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FFT-based FIR filtering using overlap-add method

`y = fftfilt(b,x)y = fftfilt(b,x,n)y = fftfilt(d,x)y = fftfilt(d,x,n)y = fftfilt(gpuArrayb,gpuArrayX,n)`

`fftfilt` filters data using the efficient
FFT-based method of *overlap-add*, a frequency
domain filtering technique that works only for FIR filters.

`y = fftfilt(b,x)` filters
the data in vector

An equivalent representation is the Z-transform or *frequency
domain* description:

By default, `fftfilt` chooses an FFT length
and a data block length that guarantee efficient execution time.

If `x` is a matrix, `fftfilt` filters
its columns. If `b` is a matrix, `fftfilt` applies
the filter in each column of `b` to the signal vector `x`.
If `b` and `x` are both matrices
with the same number of columns, the *i*th column
of `b` is used to filter the *i*th
column of `x`.

`y = fftfilt(b,x,n)` uses

`y = fftfilt(d,x)` filters the data in vector `x` with
a `digitalFilter` object, `d`.
Use `designfilt` to generate `d` based
on frequency-response specifications.

`y = fftfilt(d,x,n)` uses `n` to
determine the length of the FFT.

`y = fftfilt(gpuArrayb,gpuArrayX,n)` filters
the data in the `gpuArray` object, `gpuArrayX`,
with the FIR filter coefficients in the `gpuArray`, `gpuArrayb`.
See Establish Arrays on a GPU for
details on gpuArray objects. Using `fftfilt` with `gpuArray` objects
requires Parallel Computing Toolbox™ software and a CUDA-enabled
NVIDIA GPU with compute capability 1.3 or above. See http://www.mathworks.com/products/parallel-computing/requirements.html for
details. The filtered data, `y`, is a gpuArray object.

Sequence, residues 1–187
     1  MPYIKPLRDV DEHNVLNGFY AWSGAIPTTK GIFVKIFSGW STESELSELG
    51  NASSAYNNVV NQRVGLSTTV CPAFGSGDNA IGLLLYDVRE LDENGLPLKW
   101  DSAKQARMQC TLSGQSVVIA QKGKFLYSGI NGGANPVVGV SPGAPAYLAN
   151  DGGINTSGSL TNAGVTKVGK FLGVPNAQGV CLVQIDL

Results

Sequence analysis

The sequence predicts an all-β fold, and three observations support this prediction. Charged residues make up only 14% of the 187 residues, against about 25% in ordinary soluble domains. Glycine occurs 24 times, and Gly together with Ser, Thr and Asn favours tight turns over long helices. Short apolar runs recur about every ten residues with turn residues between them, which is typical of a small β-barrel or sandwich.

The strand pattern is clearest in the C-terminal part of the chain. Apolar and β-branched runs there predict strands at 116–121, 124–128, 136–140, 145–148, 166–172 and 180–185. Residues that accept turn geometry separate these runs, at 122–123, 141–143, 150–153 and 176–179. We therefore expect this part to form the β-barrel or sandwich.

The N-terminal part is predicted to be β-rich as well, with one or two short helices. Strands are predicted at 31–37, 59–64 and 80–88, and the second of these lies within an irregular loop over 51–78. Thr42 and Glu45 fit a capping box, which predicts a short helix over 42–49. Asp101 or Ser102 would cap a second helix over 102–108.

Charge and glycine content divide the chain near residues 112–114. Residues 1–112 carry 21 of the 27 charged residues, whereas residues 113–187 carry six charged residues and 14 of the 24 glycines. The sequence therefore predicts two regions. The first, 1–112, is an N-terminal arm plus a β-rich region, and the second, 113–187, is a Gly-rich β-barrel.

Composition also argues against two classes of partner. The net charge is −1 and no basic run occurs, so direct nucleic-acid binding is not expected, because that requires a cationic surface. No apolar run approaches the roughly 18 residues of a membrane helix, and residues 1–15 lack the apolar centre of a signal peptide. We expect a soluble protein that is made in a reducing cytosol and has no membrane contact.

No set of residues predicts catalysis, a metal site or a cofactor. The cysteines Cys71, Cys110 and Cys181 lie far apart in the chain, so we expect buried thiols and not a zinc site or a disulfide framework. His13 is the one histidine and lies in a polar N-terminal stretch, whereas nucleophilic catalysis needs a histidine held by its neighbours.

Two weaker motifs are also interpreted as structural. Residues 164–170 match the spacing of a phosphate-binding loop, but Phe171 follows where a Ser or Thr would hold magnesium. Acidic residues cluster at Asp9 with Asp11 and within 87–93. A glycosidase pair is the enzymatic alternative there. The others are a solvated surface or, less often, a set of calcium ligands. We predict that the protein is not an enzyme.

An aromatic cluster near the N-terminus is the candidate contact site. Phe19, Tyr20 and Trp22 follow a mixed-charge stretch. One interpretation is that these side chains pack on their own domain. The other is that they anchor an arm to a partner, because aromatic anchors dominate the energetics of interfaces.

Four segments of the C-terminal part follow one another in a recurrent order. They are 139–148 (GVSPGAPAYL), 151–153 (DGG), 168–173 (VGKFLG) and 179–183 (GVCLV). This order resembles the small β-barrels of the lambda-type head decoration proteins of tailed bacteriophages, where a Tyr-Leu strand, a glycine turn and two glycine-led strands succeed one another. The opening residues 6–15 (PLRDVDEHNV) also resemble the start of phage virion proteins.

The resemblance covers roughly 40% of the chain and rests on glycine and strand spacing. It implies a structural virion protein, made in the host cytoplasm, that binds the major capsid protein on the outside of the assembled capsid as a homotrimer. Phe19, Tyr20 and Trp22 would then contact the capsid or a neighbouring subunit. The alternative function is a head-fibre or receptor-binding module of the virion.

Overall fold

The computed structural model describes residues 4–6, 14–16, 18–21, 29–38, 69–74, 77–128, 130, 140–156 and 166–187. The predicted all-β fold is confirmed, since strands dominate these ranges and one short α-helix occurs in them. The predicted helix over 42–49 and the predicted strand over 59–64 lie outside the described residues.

See Overlap-Add Filtering on the GPU for
example of overlap-add filtering on the GPU.

`fftfilt` works for both real and complex inputs.

When the input signal is relatively large, it is advantageous
to use `fftfilt` instead of `filter`,
which performs *N* multiplications for each sample
in `x`, where *N* is the filter
length. `fftfilt` performs 2 FFT operations —
the FFT of the signal block of length *L* plus the
inverse FT of the product of the FFTs — at the cost of

½*L*log_{2}*L*

where *L* is the block length. It then performs *L* point-wise
multiplications for a total cost of

*L* + *L*log_{2}*L* = *L*(1 + log_{2}*L*)

multiplications. The cost ratio is therefore

*L*(1+log_{2}*L*) / (*N**L*) = (1 + log_{2}*L*)/*N*

which is approximately log_{2}*L* / *N*.

Therefore, `fftfilt` becomes advantageous when
log_{2}*L*is less than *N*.

[1] Oppenheim, Alan V., Ronald W. Schafer,
and John R. Buck. *Discrete-Time Signal Processing*.
2nd Ed. Upper Saddle River, NJ: Prentice Hall, 1999.

`conv` | `designfilt` | `digitalFilter` | `filter` | `filtfilt`

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